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With Fed out of the way, what's next on Wall Street?

Traders work on the floor of the New York Stock Exchange shortly after the market opening December 19, 2013. REUTERS/Lucas Jackson
Traders work on the floor of the New York Stock Exchange shortly after the market opening December 19, 2013. REUTERS/Lucas Jackson

By Angela Moon

NEW YORK (Reuters) - With the U.S. Federal Reserve finally announcing it will start tapering its stimulus, it removed a big uncertainty in the market last week and raised the question: Can Wall Street expect a stronger finish to the year? Not really.

The "Santa Claus rally" is a seasonal anomaly that describes a rise in stock prices in December, generally over the final week of trading before the new year.

The benchmark S&P 500's average gain during the last five days of December and the first two of January has been about 1.5 percent since 1950, according to the Stock Trader's Almanac. The equities market has gone up in December about 80 percent of the time for the past 20 years.

Although the S&P 500 is up just about 1 percent so far this month, the index is up about 27 percent for the year and is on track for its biggest gain since 1997. The Dow is up about 24 percent and the Nasdaq is up almost 36 percent for the year.

"It's been a strong year, and I wouldn't be surprised if investors closed out their year today," said Doug Foreman, co-chief investment officer of Kayne Anderson Rudnick Investment Management in Los Angeles, in an interview late last week.

"There isn't much room or news to move higher from here until next year."

Stocks rallied sharply last week, with the Dow and the S&P 500 closing at records on Friday, following the Fed's mid-week announcement it will reduce its $85 billion in monthly bond purchases by $10 billion in January.

For the week, the Dow gained 3 percent, the S&P 500 rose 2.4 percent, and the Nasdaq climbed 2.6 percent.

Trading volume last week was also below average as many investors had already locked in their gains for the year ahead of the holidays.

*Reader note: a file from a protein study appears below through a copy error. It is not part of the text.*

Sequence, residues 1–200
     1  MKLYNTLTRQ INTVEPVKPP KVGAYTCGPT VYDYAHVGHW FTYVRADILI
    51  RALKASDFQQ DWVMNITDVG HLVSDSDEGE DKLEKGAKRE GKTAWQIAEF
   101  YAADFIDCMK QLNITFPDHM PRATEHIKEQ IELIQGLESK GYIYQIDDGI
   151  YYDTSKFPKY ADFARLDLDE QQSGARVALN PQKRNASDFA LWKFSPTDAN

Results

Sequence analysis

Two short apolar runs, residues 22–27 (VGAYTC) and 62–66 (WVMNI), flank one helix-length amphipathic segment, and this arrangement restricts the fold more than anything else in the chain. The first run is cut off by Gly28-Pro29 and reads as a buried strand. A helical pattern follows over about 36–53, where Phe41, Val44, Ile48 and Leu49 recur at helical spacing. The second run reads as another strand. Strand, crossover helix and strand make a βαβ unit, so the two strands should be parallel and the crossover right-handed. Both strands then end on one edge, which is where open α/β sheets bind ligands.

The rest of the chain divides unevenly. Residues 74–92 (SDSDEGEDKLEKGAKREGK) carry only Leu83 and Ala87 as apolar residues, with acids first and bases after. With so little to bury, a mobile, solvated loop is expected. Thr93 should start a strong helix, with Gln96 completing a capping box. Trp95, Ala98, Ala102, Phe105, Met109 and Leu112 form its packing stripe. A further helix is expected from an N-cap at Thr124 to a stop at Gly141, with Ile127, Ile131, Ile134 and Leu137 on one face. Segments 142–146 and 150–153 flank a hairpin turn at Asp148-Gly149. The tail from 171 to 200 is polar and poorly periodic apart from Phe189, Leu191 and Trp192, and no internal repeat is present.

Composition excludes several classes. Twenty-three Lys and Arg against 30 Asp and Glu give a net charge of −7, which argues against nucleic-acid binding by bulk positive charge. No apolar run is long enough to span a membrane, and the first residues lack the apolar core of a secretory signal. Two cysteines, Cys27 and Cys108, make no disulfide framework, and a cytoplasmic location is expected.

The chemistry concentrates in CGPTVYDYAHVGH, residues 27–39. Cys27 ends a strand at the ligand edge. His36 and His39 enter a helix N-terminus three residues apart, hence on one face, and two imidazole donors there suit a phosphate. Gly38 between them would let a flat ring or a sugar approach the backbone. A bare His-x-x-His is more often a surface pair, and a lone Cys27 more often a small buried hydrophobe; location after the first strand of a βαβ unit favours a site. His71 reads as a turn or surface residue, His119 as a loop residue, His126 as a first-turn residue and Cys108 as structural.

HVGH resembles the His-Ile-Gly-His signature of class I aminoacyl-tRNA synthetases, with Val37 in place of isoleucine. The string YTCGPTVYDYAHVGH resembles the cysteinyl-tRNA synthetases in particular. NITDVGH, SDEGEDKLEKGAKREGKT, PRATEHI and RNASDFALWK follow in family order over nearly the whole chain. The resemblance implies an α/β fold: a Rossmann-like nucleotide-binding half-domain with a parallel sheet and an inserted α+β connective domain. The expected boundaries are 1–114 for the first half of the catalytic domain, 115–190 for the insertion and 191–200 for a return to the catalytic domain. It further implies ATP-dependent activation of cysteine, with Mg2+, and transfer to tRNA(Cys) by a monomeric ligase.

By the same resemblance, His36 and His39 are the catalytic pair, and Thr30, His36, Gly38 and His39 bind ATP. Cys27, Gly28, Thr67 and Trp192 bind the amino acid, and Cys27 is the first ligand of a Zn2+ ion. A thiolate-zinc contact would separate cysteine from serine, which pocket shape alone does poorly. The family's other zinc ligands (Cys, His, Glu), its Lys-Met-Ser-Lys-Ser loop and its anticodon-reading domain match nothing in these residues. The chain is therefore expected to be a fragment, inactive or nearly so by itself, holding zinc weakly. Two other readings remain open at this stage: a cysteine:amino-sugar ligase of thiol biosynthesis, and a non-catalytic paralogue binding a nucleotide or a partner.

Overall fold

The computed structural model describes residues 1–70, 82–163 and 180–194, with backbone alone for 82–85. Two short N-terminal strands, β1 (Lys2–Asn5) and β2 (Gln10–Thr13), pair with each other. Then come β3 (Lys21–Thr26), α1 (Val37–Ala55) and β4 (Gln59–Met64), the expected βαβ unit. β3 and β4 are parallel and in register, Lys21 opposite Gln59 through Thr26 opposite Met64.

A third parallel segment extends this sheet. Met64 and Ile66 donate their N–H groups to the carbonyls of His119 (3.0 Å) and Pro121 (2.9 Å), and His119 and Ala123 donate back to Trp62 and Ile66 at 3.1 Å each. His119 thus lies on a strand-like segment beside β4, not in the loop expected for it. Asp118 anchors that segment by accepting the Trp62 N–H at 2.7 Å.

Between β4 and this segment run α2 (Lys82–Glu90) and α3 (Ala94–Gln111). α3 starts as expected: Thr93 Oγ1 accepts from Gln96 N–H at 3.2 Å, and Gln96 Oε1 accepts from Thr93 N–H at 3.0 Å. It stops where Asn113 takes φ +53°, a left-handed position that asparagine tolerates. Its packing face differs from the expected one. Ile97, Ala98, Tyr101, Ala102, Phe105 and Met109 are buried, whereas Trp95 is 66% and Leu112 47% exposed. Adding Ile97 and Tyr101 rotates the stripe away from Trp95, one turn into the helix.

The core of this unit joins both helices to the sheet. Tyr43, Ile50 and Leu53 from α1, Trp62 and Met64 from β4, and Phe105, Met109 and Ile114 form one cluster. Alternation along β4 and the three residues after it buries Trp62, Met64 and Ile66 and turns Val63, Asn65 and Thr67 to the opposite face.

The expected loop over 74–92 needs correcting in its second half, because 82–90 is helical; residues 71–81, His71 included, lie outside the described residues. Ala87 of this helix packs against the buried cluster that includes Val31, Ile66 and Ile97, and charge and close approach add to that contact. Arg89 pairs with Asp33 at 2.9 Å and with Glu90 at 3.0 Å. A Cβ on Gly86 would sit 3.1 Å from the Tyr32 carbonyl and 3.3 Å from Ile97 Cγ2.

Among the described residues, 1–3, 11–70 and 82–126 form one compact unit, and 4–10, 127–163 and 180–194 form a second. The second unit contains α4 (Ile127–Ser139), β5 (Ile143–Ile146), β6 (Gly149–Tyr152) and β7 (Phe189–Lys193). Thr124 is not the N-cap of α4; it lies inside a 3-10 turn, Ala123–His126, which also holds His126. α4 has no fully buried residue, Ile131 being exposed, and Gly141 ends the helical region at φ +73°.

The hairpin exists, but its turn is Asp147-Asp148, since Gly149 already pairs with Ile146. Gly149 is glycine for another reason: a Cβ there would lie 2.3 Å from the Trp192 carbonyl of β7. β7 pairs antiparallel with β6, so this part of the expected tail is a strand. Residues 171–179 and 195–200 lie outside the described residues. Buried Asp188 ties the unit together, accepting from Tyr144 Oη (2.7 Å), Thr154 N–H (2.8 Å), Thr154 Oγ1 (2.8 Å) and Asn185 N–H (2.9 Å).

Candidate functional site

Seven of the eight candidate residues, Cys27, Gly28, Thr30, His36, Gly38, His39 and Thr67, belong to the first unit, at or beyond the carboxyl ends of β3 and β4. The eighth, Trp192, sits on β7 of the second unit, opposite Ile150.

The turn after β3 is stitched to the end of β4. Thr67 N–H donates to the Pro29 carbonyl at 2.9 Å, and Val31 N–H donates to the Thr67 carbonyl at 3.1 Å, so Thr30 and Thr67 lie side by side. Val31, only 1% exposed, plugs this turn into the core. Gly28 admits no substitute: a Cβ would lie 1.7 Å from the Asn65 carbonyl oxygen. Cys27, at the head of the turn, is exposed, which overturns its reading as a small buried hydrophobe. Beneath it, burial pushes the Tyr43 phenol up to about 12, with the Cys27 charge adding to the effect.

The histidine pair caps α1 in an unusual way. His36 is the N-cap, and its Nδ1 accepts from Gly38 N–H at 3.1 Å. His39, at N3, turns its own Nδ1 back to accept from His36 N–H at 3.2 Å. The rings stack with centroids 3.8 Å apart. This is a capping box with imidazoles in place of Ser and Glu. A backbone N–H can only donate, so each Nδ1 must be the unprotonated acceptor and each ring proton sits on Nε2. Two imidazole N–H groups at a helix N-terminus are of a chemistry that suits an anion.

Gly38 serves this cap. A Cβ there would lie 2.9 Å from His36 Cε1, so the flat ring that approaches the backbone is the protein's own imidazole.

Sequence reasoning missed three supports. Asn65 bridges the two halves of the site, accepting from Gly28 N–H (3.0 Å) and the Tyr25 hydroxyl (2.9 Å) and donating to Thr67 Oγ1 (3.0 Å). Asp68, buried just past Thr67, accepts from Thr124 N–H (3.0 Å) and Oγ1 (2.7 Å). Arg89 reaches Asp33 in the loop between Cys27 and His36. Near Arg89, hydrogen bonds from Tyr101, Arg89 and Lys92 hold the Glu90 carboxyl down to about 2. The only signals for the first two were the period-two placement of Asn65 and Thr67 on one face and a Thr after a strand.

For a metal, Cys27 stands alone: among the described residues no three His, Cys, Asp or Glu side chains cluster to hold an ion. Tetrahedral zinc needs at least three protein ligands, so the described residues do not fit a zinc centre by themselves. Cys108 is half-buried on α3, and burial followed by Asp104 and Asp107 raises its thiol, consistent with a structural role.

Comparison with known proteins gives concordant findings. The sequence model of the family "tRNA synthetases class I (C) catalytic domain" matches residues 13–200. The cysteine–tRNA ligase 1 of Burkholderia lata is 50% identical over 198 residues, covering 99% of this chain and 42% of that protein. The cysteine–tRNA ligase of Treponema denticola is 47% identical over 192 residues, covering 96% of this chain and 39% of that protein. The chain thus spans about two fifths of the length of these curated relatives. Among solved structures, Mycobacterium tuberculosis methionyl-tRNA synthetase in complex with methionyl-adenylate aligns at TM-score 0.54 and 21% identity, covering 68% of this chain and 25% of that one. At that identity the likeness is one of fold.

"There's a lot of transparency in the market, but most of the noise has already been made. We should expect to continue seeing light volume and not much selling as we go into next week," said Mark Martiak, senior wealth strategist at Premier Wealth/First Allied Securities in New York.

"We're selling our winners and looking to see what sectors could be the ones to be in next year. I like cyclical and industrials. I want to see the news post-holiday season before I start to recommend defensive names."

With Christmas and New Year's holidays in the middle of the week, trading volume is likely to be lower than in previous years. The New York Stock Exchange will close early at 1 p.m. EST (1800 GMT) on Tuesday and will remain closed on Wednesday for Christmas Day. Trading will resume on Thursday.

BACK TO BASICS

Analysts say this week will be the start of investors finally shifting focus to the fundamentals, like economic reports and earnings.

"With the Fed out of the way now, the market is going to move back to making more rational decisions and focus on what really matters in the economy," said Scott Clemons, chief investment strategist at Brown Brothers Harriman Wealth Management in New York.

"Fourth-quarter earnings will start coming in January, and the market's full focus will be on those numbers and outlooks."

Apple Inc will be in focus after the company announced on Sunday a multiyear deal with China Mobile to bring its iPhone product lines to China, starting in January. Terms of the deal were not disclosed.

Economic data this week includes personal income and consumption at 8:30 a.m. EST (1330 GMT) on Monday. At 9:55 a.m. EST on Monday, the Thomson Reuters/University of Michigan's final reading on consumer sentiment for December will be released.

Tuesday's data includes durable goods orders at 8:30 a.m. EST and new home sales at 10 a.m. EST. On Thursday, weekly initial jobless claims will be released at 8:30 a.m. EST.

(Wall St Week Ahead runs every Sunday. Questions or comments on this column can be e-mailed to: angela.moon(at)thomsonreuters.com )

(Additional reporting by Ryan Vlastelica and Chuck Mikolajczak; Editing by Nick Zieminski and Jan Paschal)

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